It's strange, how big he feels in my arms sometimes. Who is this child? This large child? This boy? Wasn't he just a fragile itty bitty thing only yesterday?
I cherish those moments, short and few, when he lets his body relax, leans his head against my shoulder, and he feels, again, like a baby.
And yet he still looks like a baby. He's tall, but chubby and his rounded proportions - his round cheeks and eyes and little belly - plus his very thin soft sandy blond hair - make him look even more so like a baby.
But he's feeling less like a baby these days. He still clings to me and his daddy, and often wants to be held. But often he tumbles and twists out of arms, eager to explore, intent like a little scientist. He still tends to be disinterested in toys, but likes to get into the real things that mama and daddy have - our bags and drawers and drinks and books and gadgets. When I bring out a pile of laundry and set it on the floor, he likes to roll around in it and drag the clothes around the house and destroy whatever piles I've folded. He loves me to sit down on the floor and be at his level.
His circles are widening. I have to stop him from going into the street now. And he wants to walk down our sidewalk, several houses past our own.
His walk is turning into a quick little trot, that will soon be a run. He runs most in the evening, when he gets excited, after dinner and before bed. We call it his manic phase. The long days of spring and summer will be difficult. Already his bedtime has shifted from 7:00 to 7:45 or 8:00. We go through times where he is sleeping through the night, where I imagine we have finally reached it, it... the end of night wakings and night feedings... And then... he will get sick or start teething or we go on a trip and the night wakings start again. Not too bad, usually just a short one, once in the night, but I am ready for that to be over. Still, it's in those night wakings, as I'm laying him back in his crib, that he leans his head on my shoulder, so still, so peaceful, and I almost don't want the moment to end.
Because he is rarely peaceful. :-) Happy, but rarely peaceful. Always in motion. Tonight I opened a kitchen drawer and found that he had stashed inside of it an old cell phone, a toy, and an apple with little teeth marks in it. He is reaching more and more things these days. There are only a few surfaces where I can hide things away from him. We are entering a new era and I'm not always sure how to navigate it.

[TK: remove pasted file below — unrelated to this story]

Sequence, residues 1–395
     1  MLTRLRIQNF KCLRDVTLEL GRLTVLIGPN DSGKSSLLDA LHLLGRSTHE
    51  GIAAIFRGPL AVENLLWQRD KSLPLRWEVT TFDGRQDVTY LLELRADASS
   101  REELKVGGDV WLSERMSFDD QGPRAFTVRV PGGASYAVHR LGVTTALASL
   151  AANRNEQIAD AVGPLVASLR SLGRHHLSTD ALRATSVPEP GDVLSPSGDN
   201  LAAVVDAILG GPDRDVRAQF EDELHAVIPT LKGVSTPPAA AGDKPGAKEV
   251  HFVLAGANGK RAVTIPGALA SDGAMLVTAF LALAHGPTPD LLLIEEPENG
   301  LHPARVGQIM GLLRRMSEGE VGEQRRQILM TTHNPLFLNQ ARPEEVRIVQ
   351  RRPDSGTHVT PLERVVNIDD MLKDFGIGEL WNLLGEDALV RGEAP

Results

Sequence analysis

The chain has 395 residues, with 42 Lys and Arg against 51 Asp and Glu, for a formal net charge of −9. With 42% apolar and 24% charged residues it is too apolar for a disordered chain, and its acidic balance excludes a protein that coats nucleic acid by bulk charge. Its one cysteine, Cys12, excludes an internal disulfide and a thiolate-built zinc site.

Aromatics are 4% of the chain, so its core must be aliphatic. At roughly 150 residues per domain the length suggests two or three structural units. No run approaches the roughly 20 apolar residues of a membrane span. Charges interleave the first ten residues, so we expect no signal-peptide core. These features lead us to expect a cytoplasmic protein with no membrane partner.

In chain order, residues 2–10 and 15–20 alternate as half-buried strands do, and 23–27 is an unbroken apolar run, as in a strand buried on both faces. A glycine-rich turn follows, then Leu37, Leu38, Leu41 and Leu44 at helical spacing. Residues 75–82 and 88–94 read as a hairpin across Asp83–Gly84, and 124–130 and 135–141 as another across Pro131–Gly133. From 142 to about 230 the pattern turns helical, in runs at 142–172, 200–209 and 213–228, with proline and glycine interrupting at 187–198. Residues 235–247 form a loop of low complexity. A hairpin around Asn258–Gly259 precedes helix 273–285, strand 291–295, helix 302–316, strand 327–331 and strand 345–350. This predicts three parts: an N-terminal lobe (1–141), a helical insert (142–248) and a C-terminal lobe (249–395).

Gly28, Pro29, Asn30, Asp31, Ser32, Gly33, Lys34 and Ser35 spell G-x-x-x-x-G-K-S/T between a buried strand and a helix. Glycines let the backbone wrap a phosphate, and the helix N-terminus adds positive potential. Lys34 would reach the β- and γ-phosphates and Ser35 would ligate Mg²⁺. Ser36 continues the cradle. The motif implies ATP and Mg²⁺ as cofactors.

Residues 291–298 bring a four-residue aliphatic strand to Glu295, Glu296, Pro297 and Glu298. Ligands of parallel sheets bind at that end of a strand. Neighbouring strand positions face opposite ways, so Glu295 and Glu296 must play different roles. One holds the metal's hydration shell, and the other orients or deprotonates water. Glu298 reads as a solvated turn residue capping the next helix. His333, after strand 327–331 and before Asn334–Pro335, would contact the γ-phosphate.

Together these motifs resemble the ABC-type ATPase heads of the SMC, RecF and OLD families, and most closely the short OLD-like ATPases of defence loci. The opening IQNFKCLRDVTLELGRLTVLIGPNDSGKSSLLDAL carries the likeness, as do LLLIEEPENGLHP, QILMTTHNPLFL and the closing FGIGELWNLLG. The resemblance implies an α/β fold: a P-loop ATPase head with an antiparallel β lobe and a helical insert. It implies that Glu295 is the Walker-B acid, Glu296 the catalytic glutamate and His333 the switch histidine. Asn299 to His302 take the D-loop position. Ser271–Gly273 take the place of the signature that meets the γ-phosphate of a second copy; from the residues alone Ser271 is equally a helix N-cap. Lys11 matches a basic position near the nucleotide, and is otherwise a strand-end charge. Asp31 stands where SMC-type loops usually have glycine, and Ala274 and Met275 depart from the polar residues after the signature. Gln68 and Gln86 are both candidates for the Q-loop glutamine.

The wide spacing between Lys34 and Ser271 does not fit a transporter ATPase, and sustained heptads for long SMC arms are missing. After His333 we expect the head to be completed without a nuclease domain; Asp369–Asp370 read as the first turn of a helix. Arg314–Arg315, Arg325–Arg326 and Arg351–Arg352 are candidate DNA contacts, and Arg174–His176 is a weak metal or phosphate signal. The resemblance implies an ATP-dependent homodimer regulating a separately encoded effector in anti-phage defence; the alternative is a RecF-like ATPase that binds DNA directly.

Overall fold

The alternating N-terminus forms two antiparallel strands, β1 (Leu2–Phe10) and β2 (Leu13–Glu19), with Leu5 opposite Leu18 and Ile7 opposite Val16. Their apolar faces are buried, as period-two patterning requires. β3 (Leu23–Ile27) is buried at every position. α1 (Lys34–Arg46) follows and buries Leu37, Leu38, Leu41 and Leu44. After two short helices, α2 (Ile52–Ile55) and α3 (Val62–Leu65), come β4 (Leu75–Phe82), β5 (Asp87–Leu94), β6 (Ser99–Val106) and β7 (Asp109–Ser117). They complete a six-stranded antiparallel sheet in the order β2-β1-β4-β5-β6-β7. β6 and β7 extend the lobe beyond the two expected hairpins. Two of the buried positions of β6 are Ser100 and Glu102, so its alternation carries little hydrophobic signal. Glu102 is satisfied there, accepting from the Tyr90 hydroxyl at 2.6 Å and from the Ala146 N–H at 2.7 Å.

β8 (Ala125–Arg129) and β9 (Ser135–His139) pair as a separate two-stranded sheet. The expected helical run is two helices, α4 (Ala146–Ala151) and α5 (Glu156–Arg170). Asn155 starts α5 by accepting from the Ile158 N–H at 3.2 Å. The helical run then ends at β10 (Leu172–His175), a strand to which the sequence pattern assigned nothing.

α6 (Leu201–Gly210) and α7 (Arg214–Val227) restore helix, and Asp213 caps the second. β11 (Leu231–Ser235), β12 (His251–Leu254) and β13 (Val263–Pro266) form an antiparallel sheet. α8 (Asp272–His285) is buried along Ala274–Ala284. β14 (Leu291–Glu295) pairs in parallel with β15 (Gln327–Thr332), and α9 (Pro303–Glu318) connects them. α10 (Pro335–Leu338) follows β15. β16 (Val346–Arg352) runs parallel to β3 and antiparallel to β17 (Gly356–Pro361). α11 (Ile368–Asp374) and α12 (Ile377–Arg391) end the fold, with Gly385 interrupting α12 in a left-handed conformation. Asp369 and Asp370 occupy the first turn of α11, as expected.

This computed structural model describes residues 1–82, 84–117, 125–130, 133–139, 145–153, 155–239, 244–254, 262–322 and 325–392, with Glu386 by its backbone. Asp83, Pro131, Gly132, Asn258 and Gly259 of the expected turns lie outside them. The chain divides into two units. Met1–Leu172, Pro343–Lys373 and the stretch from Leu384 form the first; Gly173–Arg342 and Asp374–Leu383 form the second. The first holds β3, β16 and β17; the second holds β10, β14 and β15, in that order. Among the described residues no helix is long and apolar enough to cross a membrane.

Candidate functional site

Into new territory, we venture!
Wednesday, April 24, 2013
It's an unseasonably cold day here, a day for stretchy pants and hot tea. I feel bittersweet, melancholy and lazy. Will has a snotty nose and he's extra clingy. I'm listening to The Lion's Roar by First Aid Kit and it's perfectly matching my mood.
Now he's napping and it's hard to decide what to do. Writing this blog post means I'm not laying down, reading, napping myself.
I'm still trying to figure it out, what it means, this season of Stay At Home Momness. Most of my day is taken up with baby wrangling, wrestling, and snuggling, and mundane maintenance. The other part of it with resting, relaxing, trying to get my energy back before the next round.
In theory... I want to be doing so much more. Writing more blog posts, a novel maybe, make new friends and have IRL community, landscape my yard, grow a vegetable garden (someday), drink green smoothies, touch up paint the house, make more photo albums, finally have a system for managing my digital photos (ugh). And more, and more that I know is overambitious and won't be happening anytime soon, if at all.
And that's okay. I think. It's part of this season of life. This season is about slowness. About sitting in the floor and playing peekaboo. About just managing to get dinner together and always having a load of laundry running and a sink full of dirty dishes. About watching my share of silly tv and reading silly novels and having a Kindle full of parenting books. About wanting to find someone, to talk to, about the mundane that passes by, and often being alone.
That's this season. I'm still settling into it. I love so many parts of it, I just find myself wanting to do more, wanting to be in two places at once. And that just can't happen. I'm trying to figure out how to accept being in one place at once and letting this slowness be okay.
Saturday, April 6, 2013
Ahhh... before it seems too distant... before I have waited too long... I want to capture a few of my favorite images from Will's 1st birthday party.
It was a simple affair. Nothing to pin about on Pinterest.
Just family, cupcakes and love.
I used the cupcake recipe from the Back in The Day Bakery Cookbook and they turned out great!
Will didn't know what to make of it at first - the cupcake was the first real cake he's had and everyone in the room was just staring at him in his high chair waiting for him to eat it. But once he got a taste he went for it.
Will loved the balloons... His mouth dropped open the instant he saw them.
My little birthday boy!